Echo of Betrayal book.
Echo of Betrayal book. Could any man's pride take so much rejection?Lauren was afraid Warwick.
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Valerie again starts with a beautiful lyrical scene with advice from Kellie's grandfather about sailing. Then the onslaught of misfit characters begins, some new ones and some repeat, and we spend the rest of the book trying to figure out who-done-it
Valerie again starts with a beautiful lyrical scene with advice from Kellie's grandfather about sailing. Then the onslaught of misfit characters begins, some new ones and some repeat, and we spend the rest of the book trying to figure out who-done-it. I particularly like the background scenes of the Seattle region and the sailing crowd and Port Townsend even figures in. At the end bad guys fall in domino fashion and there's a twist or two to keep the reader guessing.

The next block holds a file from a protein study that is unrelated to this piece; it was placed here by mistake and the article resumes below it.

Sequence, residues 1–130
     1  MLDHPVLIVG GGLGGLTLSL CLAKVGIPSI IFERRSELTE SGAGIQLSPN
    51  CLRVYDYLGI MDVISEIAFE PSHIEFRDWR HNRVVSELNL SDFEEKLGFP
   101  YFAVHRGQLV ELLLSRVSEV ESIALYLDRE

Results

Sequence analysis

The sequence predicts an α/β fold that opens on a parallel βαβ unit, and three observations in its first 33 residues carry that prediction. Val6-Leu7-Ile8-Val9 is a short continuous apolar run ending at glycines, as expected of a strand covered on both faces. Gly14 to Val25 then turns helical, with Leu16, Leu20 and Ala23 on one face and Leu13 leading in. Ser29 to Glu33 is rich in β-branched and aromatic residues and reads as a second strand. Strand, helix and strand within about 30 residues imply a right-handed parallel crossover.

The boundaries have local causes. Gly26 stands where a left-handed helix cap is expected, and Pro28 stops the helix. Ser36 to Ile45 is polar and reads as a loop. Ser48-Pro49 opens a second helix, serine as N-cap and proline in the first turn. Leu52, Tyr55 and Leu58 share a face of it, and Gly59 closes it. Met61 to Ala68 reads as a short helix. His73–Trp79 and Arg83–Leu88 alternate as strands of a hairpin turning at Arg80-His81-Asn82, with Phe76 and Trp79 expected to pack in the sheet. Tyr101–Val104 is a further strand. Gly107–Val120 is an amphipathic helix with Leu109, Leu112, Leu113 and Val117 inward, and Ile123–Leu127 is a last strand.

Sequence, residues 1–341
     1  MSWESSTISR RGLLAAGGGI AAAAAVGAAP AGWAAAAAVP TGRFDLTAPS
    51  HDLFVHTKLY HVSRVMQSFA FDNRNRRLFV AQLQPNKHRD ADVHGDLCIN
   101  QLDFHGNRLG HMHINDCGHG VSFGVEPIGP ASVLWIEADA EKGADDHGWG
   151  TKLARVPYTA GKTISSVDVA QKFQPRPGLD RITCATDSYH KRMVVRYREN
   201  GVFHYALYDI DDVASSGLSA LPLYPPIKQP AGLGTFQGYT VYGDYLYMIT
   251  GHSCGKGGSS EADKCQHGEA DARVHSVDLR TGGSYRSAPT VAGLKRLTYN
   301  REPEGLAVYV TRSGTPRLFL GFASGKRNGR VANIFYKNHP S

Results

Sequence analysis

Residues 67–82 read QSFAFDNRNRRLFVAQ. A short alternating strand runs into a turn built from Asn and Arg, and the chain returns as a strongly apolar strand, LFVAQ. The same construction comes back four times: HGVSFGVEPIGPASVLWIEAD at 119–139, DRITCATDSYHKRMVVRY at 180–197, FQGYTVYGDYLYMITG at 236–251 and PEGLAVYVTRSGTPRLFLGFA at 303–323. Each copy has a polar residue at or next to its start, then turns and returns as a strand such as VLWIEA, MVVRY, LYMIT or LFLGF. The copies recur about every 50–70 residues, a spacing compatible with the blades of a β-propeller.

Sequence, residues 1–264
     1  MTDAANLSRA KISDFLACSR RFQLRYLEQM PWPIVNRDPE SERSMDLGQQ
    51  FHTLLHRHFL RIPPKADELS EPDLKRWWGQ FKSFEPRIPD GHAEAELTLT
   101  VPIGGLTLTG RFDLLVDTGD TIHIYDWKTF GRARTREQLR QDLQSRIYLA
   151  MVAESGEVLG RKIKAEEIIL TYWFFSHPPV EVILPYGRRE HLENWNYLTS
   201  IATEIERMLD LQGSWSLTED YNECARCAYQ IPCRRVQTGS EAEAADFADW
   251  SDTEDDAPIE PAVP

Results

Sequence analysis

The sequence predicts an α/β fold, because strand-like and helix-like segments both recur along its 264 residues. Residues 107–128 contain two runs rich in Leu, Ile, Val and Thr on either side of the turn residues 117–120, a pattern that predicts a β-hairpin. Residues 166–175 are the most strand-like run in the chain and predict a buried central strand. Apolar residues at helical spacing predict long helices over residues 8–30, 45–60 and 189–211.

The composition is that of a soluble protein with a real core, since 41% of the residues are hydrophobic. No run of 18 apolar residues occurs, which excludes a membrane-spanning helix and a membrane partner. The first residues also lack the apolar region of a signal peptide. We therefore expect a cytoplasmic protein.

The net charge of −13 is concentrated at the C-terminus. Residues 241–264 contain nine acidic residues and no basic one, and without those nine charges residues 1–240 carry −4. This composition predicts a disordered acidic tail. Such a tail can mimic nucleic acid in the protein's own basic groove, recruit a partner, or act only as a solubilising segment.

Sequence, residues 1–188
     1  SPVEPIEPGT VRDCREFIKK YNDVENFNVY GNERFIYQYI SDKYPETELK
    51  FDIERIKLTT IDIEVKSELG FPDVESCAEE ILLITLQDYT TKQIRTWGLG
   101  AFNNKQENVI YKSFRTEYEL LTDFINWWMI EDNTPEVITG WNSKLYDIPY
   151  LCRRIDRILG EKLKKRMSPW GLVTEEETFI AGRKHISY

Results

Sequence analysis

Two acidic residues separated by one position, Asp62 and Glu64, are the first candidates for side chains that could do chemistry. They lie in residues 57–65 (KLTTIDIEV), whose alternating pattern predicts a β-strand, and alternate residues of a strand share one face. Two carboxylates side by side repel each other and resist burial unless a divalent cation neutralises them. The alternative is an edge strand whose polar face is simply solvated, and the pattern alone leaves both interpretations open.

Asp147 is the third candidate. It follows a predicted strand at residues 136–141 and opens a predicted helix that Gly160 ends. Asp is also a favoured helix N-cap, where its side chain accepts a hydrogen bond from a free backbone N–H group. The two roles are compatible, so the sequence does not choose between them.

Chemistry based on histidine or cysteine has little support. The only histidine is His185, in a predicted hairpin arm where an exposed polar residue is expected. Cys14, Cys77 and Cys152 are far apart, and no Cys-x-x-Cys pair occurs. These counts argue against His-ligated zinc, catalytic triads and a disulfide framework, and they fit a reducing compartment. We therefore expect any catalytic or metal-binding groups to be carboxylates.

After her betrayal by Trevor seven years ago, Lauren had carefully avoided any entanglements with men-romantic or otherwise. So the last thing she wanted was to get involved with her boss, Warwick Sinclair; he was precisely the heartless kind of womaniser she had been at pains to avoid. And in any case, how could she ever let him find out about Mandy? First published in Great Britain 1985. by Mills & Boon Limited.
To Tame A Proud Lady. Where The Wind Blows Free.
AbeBooks She could never reveal the innocent consequence of that long-ago betrayal. Harlequin Romance February, 1985
Harlequin Romance February, 1985.
Betrayal is a new departure and a bold one. He shows man betrayed not only by man, but by time - a recurring theme which has found its proper scenic correlative. Pinter captures the psyche's sly manoeuvres for self-respect with a sardonic forgiveness.
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Or do I book an appointment at the Palace this evening?' They both knew this game. The Chancellor was a man of little traditional charm but meticulous planning, which made him an excellent player in the guerrilla warfare of Whitehall. He had a reputation for never opening negotiations without at least one hand grenade to toss across the table. The Walrus always went armed.